Mister Sea (Hai gongzi) By Pu Songling (1640-1715)

This brief story is one of nearly five hundred pieces included in Pu Songling’s famous collection Strange Tales from Liaozhai.


translated by Judith T. Zeitlin


This brief story is one of nearly five hundred pieces included in Pu Songling’s famous collection Strange Tales from Liaozhai. Falling between tale and anecdote, “Mister Sea” is narrated in a deceptively straightforward manner in the objective stance befitting “The Historian of the Strange,” the sobriquet that Pu adopted for himself. Causality between events is hinted at rather than stated directly, and the dangerous pleasures of the island, which dazzle the senses, are vividly conveyed in just a few swift strokes. Since Hai (“Sea”) is a relatively common surname in China, and gongzi (“Mister”) archaically denotes “Lord,” the double meaning of the title and the true (sinister) identity of this mysterious figure is only revealed midway through. There is no mention of porcelain in the original tale, which makes Geng Xue’s adaptation of it into a stop-motion animation composed entirely of this substance and its magical interactions with light, liquid, and sound all the more original. The main (and brilliant) change Geng makes in the film is that rather than having the shape-shifting seductress simply disappear when “Mister Sea” makes his entrance, as befits the materiality of porcelain she abruptly shatters into pieces.

In the East China Sea, off the coast of Shandong, lies a place called the “Isle of Ancient Footprints,” which is covered with millions of varicolored camelia flowers that bloom year round, unfazed by the seasons.

The island had long been uninhabited, and few people ventured there. A young man from Dengzhou, Zhang by name, was curious by nature, and had a passion for wandering about and hunting. Upon hearing about the island’s beautiful scenery, he provisioned himself with food and drink and rowed out in a little skiff.

When he reached the island, the flowers were blooming in such profusion that their fragrance drifted for miles, and there were trees so huge that their trunks measured over ten armspans in girth. He lingered in the spot, unable to tear himself away from a place that so gratified his delight. He poured himself a cup of wine and began drinking, regretting only that he had no companion to share it with.

Suddenly, a stunning young woman emerged from the flowers, clad in a dress of dazzling red; he had scarcely ever seen her equal.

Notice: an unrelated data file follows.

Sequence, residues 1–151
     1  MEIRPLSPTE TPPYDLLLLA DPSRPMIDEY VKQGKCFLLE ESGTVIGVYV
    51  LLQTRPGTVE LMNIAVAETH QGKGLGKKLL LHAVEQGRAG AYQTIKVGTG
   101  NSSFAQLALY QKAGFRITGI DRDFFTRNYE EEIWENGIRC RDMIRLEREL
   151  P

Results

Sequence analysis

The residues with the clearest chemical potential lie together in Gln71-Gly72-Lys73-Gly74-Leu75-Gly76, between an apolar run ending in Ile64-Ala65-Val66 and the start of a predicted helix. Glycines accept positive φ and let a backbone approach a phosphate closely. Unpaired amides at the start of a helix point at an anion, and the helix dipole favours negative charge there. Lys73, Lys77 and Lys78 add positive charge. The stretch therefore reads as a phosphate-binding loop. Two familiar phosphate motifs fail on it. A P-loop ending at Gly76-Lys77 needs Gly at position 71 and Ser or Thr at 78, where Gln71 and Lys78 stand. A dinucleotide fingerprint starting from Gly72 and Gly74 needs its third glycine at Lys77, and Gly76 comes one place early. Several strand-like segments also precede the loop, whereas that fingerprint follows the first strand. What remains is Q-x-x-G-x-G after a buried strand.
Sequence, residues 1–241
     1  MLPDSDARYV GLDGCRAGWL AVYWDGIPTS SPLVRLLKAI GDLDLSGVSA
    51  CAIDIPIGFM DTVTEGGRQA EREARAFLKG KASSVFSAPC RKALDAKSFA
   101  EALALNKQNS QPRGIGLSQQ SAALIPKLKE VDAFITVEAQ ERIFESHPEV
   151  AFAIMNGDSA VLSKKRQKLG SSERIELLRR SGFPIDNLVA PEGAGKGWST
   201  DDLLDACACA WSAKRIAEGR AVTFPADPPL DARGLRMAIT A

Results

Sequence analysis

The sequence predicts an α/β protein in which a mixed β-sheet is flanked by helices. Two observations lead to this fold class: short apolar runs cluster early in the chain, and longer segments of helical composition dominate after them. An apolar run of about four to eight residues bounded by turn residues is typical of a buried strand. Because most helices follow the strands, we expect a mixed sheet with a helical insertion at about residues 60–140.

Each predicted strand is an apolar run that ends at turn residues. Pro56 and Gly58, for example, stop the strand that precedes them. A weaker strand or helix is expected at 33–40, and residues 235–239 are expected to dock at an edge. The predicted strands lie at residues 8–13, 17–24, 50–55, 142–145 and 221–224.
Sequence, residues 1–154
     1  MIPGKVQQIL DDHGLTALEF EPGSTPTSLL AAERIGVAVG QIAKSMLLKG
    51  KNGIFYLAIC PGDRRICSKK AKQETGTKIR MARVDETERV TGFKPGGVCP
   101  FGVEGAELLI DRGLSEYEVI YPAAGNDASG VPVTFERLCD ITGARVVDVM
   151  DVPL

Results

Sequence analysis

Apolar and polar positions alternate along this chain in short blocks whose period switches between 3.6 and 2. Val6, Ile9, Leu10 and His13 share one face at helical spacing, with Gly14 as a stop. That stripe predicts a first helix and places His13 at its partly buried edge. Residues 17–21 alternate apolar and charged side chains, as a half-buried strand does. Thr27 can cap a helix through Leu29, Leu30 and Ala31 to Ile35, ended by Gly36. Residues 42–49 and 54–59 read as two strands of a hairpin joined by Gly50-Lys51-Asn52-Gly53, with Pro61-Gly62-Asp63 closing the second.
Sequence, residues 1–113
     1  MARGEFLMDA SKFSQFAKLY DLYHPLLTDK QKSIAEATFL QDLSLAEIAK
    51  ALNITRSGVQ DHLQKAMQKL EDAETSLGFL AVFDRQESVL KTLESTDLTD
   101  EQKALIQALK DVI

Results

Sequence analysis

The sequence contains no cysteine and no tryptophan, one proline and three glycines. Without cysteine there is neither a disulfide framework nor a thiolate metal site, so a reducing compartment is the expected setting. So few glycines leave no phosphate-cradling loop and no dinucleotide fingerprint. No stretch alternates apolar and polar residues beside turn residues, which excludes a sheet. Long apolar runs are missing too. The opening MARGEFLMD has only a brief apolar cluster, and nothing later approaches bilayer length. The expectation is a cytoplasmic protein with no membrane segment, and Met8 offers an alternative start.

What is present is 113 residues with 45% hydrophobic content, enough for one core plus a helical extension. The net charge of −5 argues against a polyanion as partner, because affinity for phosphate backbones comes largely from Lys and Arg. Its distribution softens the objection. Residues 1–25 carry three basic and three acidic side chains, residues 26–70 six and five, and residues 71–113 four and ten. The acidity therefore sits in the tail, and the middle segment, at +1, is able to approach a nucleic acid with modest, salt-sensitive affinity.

She smiled at him.

“I thought my own sensibility was quite out of the ordinary. I never expected someone so in tune with me would have gotten here first.”

“Who are you?” he asked in surprise.

“I’m a call girl from Jiaozhou. I happened to accompany Mister Sea here. He’s gone roaming in search of other vistas, but my walking is hampered by these tiny feet, so I’ve remained behind.”

Zhang had just now been suffering pangs of loneliness. Thrilled to have found such a beauty, he invited her to sit down and join him for some wine. Her conversation was soft-spoken and charming, and she intoxicated all his senses.

He was deeply enamored. Worrying that Mister Sea would come back before he could fulfill his desires to the utmost, he pulled her down next to him and got right to business. The girl happily went along with him. Before they had reached the end of their pleasure, however, they heard the rustling of the wind and the sound of vegetation toppling and breaking. The girl abruptly pushed Zhang away and stood up: “Mister Sea is coming!” By the time he fastened his clothes and looked around him in alarm, the girl had vanished.

Presently he saw an enormous serpent slither out from the bushes, thicker than the most gigantic bamboo tube. Terrified, Zhang took cover behind a big tree, hoping the serpent wouldn’t see him, but the serpent advanced and began coiling its body around man and tree together; after several circles around, Zhang’s two arms were pinned straight against his thighs and he couldn’t bend them in the slightest. The serpent lifted its head and pierced Zhang’s nostril with its tongue; the blood flowed out, spilling to the ground and forming a puddle. The serpent then bent its head and began lapping it up.

Zhang believed he was doomed, when suddenly he remembered that the pouch he wore around his waist contained some fox poison. So he pinched open the bag with two fingers, poked a hole in the packet, and piled some of the powder in his palm. Then inclining his head to one side and looking downward, he let the blood from his nostril drip onto his palm; before long, a handful had accumulated. The serpent, as expected, moved toward his palm and started lapping up the blood there, but before it was even all gone, the serpent’s body abruptly straightened out, and then, its tail, with a sound like thunder, struck the tree, which collapsed in half. There, outstretched beneath it like a roof beam, lay the dead serpent.

Zhang, for his part, was so dizzy he couldn’t get up, and it was only after some time that he fully came to. He took the serpent’s carcass back home with him, where he was seriously ill for over a month.

He suspected the girl had also been a snake demon.




Vermilion Art

This field is for validation purposes and should be left unchanged.